At the ladies bible study, one woman talked about feeling as though they were done having children, but she wasn’t sure what type of birth control to use.
Another spoke of her admiration for the Quiverfull families that could “put their family size completely in God’s hands and raise more children for Christ’s Kingdom” but added that she didn’t feel that she could handle raising as many kids as those families typically end up with.
At that point another woman piped up, “I can be a good mom to the 3 I have, but I know that I could never take care of 10, I would go crazy.” She said it in a guilty way, as though she was ashamed to be stopping at “only” 3 children. Then I interjected and said to her “It’s so great that you can recognize that about yourself!” I realized later, that may have come out wrong, possibly sounding as though I agreed with her assessment of her parenting and that there was no way she could handle more kids!
What I was trying to say to her was “It’s OK to be a great mom to 3 kids! It’s not a competition! It’s so cool that you can evaluate where you’re at and feel confident that you are content with the children you have.”
I’m actually a bit envious of her.
Limiting family size is a new concept to me. My whole childhood I was brought up to believe that getting married and having children was my sole purpose in the world. My interests and activities were tailored to fit that goal. I have always loved children, and I love my babies beyond words, but there has always been a sense of obligation too. That understanding that you have children because as a woman that’s all you are really good for.
Any work, dreams or ideas not directly related to having and raising children were painted as selfish endeavours. Next to producing children, all of it was worthless and pointless. My life’s value was very tied to my ability to reproduce. Trying to think of myself as having worth if I am not producing children anymore is a new challenge. What is the purpose of my existence?
It sounds crazy, but there have been times that the only reason I did not hurt myself out of depression, was because I was pregnant or nursing. With a baby to take care of, I mattered. Fundamentalism has a sort of addiction to “purpose”, and for a woman growing up the way I did, that purpose was tied up in producing children. Without a perpetual stream of babies, I might actually have to figure out who I am, and that is scary. What will I do without that security blanket of “self-worth”.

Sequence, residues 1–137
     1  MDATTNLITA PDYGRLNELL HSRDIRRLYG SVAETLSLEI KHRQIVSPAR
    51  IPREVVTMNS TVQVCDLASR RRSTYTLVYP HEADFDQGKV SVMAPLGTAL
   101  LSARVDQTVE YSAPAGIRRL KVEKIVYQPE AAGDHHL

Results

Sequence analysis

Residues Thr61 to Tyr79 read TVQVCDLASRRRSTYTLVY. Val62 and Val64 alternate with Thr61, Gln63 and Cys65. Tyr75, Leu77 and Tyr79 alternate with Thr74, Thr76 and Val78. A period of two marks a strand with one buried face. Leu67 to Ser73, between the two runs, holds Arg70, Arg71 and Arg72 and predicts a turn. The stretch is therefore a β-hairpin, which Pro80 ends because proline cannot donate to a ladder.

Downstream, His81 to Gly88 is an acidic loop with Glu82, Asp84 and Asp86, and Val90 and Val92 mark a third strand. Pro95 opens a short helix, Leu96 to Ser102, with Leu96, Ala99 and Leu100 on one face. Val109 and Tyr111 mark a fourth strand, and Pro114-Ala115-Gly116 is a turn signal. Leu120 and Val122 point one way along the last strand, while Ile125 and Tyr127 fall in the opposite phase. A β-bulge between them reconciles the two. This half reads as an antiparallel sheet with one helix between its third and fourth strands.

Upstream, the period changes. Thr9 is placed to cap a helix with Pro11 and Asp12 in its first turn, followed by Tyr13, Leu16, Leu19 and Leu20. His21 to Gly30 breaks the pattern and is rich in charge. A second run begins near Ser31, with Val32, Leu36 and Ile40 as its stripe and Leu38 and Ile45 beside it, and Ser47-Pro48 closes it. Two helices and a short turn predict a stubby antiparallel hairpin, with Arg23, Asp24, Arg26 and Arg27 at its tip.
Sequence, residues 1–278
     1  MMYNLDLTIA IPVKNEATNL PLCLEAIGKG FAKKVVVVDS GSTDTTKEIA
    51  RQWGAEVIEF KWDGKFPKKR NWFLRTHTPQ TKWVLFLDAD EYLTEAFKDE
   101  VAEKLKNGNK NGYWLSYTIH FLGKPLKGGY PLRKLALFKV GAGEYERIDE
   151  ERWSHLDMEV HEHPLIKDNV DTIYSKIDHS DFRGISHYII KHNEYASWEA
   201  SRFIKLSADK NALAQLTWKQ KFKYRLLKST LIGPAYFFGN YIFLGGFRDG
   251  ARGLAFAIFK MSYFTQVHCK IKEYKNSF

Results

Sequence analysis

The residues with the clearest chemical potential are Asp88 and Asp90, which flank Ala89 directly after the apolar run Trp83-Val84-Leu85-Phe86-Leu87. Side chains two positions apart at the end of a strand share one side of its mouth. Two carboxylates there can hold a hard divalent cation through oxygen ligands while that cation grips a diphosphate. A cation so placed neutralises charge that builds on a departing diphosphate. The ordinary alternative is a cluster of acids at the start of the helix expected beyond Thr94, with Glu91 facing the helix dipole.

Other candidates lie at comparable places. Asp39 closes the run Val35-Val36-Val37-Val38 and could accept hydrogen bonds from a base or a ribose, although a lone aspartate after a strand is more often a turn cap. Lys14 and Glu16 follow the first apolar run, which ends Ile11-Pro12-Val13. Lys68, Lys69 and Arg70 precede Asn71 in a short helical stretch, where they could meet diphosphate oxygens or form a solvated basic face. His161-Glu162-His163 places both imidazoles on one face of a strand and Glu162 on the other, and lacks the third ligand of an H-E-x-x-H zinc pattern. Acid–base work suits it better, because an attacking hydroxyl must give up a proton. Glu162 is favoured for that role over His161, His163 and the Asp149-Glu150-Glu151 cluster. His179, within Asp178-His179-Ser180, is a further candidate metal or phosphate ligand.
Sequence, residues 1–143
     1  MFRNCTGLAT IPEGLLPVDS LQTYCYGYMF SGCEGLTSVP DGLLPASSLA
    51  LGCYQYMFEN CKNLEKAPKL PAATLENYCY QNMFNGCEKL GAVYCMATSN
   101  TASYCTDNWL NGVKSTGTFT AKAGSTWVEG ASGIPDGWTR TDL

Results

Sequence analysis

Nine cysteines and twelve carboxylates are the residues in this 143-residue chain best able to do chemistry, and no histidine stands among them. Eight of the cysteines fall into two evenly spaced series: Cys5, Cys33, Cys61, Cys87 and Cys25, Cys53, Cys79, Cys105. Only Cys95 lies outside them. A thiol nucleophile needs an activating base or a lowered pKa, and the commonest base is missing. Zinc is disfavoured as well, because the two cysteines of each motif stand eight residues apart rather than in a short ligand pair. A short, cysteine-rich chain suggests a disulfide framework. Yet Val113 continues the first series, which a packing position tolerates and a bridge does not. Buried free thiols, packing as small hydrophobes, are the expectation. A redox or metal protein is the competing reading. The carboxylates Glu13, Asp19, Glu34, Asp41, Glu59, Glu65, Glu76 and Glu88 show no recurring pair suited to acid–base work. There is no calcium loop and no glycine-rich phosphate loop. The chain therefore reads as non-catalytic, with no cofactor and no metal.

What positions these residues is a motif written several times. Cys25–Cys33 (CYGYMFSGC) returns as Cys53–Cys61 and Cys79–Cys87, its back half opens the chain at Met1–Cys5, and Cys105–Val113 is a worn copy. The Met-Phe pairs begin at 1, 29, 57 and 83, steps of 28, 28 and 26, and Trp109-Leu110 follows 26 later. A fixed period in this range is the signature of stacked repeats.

I love children. I love how their tiny little bodies curl up against you when they are newborns. I love how they can fall asleep in your arms. I love the look of wonder in their eyes when they discover something new. I love the excitement children have when repeating a comfortable routine. I will always consider motherhood and honour and a calling. Every child of mine is loved and wanted, my children are and always will be a wonderful meaningful part of my life.
But I am starting to realize that my value is not 100 percent tied to them.
I have always been defined by the group, the faith, the movement. I am a cog in the wheel of the family, a single thread in the tapestry God is making. What does it mean to be an individual? What is it that gives my life value? I have grown so much in the last 2 years, learning about myself as a wife and mother. I switched from punitive to positive parenting, I’ve set boundaries with my family of origin, I’ve given myself permission to work through the issues in my past and talk about them for the first time. But on the surface not much has changed. I am still a stay at home wife and mother. I still define myself by the people I care about.
I’m not even sure what I am interested in. I feel guilty when I have ideas or dreams that involve anything except the fulltime housekeeping or childcare that I have always done. It’s hard to think of limiting family size without feeling that would be “selfish”. Every baby is so special, how could I choose to never meet some potential child in my future? Sometimes I even feel afraid of losing my marriage or failing my kids, or all the other myriads of things I was always told would happen if I was an individual.
I realize it is still part of the black and white thinking of fundamentalism, limiting family size does not mean that God will punish me and take away the children I do have. Putting my kids into school instead of homeschooling does not mean that my children will end up sexually abused and addicted to drugs. If I get a part-time job, that does not mean my kids will grow up feeling abandoned and hating me. Pursuing and eventually getting a college degree does not mean my husband will feel neglected and inferior and stop coming home at night. But that doesn’t make it easier to stop the instinctive reaction of shutting down my interests and ideas and trying desperately to shove myself back into “unselfish” mode.
Despite breaking away from the old thinking, and seeing the positive benefits that have come from that process, I still want to succeed in the old paradigm. Even though I no longer believe what it teaches, the old perfectionism holds me back.
“Success” in the fundamentalist mindset is pretty much impossible, (because you always could have done better) but I don’t want to be a “failure”. Why do I feel as though breaking out of the box I was told to fit into lessens my value? What is it that makes each individual valuable? How do you define yourself as an individual aside from your children and community?